Ganesh Mani
Sep 27, 2022 ⋅ 12 min read

Understanding design patterns in TypeScript and Node.js

Ganesh Mani I'm a full-stack developer, Android application/game developer, and tech enthusiast who loves to work with current technologies in web, mobile, the IoT, machine learning, and data science.

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6 Replies to "Understanding design patterns in TypeScript and Node.js"

  1. Singleton is antipattern, actually. At least in the described form. Makes testing really hard, creates hidden dependencies…
    If you have a dependency container, it can handle providing single instance of a service. This is a better form of singleton.

  2. The Singleton getInstance() implementation as presented may not work as expected depending on how MongoClient.connect is implemented. If the callback for .connect is invoked some time later when the connection is established (as is typical), then “this.instance” will not be set in time for the “return this.instance” line. If the assumption or behavior here is that getInstance() should return a promise that resolves to the client connection then the MongoClient.connect call should be wrapped in a “new Promise(…)” that resolves to mongo client inside the connect callback or rejects with an error from the callback.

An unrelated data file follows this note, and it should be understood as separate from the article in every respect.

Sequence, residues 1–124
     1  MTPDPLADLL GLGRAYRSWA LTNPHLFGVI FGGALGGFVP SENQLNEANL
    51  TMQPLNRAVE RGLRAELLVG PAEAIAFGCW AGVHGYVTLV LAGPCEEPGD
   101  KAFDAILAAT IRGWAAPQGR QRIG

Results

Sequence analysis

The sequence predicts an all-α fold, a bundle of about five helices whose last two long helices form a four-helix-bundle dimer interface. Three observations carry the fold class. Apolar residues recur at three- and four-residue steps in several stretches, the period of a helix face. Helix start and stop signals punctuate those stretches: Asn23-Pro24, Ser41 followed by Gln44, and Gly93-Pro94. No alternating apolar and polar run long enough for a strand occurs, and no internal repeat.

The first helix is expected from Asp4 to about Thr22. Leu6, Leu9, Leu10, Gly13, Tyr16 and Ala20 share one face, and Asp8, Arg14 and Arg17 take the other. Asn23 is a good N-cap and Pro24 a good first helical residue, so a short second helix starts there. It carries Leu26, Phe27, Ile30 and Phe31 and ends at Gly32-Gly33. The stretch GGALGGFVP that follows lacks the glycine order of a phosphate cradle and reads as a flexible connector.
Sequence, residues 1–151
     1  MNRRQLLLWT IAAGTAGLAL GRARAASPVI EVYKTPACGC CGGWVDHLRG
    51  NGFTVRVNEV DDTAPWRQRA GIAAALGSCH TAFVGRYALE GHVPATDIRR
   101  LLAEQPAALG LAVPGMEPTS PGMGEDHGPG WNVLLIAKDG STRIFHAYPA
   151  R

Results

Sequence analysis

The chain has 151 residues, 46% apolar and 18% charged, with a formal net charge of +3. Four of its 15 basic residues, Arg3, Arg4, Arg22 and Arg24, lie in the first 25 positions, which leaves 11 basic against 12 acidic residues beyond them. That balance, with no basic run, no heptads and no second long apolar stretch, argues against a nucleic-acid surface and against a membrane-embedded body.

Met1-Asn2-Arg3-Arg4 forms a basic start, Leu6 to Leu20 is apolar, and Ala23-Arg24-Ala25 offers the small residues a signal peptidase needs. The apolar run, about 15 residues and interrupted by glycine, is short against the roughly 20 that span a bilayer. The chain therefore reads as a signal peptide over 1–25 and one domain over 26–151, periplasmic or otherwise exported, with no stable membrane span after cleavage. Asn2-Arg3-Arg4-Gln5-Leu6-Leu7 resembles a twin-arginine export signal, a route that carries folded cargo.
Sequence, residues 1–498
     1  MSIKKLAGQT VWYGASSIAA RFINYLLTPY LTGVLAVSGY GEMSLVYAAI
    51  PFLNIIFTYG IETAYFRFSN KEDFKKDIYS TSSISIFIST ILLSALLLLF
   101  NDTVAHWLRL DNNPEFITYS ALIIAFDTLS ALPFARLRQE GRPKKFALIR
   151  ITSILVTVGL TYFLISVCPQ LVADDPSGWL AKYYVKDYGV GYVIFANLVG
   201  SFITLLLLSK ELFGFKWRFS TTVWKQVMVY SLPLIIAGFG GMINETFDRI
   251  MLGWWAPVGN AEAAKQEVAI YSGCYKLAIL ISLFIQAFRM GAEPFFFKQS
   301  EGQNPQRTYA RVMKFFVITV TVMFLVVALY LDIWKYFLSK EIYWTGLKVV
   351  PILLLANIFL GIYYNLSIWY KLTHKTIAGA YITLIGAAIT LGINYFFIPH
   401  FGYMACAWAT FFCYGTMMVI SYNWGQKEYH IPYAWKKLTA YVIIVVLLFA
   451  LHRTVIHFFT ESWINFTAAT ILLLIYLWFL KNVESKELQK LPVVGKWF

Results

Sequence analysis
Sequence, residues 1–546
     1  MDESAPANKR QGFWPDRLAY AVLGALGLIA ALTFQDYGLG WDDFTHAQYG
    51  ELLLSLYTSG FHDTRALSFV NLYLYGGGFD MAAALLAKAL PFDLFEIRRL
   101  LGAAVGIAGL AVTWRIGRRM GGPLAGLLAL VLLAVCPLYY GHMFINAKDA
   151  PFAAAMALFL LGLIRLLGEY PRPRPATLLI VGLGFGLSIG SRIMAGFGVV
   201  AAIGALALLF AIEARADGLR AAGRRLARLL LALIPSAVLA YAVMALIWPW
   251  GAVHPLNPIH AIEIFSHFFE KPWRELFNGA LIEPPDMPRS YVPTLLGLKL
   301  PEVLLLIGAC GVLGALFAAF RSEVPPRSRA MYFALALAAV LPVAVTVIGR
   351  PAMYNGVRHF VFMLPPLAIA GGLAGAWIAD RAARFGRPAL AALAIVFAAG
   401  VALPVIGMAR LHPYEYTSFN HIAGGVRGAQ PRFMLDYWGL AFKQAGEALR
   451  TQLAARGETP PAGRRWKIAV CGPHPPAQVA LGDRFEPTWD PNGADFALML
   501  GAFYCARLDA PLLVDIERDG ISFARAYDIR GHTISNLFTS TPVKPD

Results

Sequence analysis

3. Singleton and Builder design patterns do not go well in javascript.
    Javascript has object literals, which solves the verbosity constructors with long parameter lists, funnily enough you gave an example of this User taking IUser object.
    And singleton is just a convoluted way to do something that is already solved by javascript modules.
    Each module is already a singleton imported via a path.
    It can export a class through the module, but that’s just extra unnecessary code.

    Please keep the Java/C# design patterns out of idiomatic javascript.

    Also Utill classes are not idiomatic javascript which has first cass support for functions.

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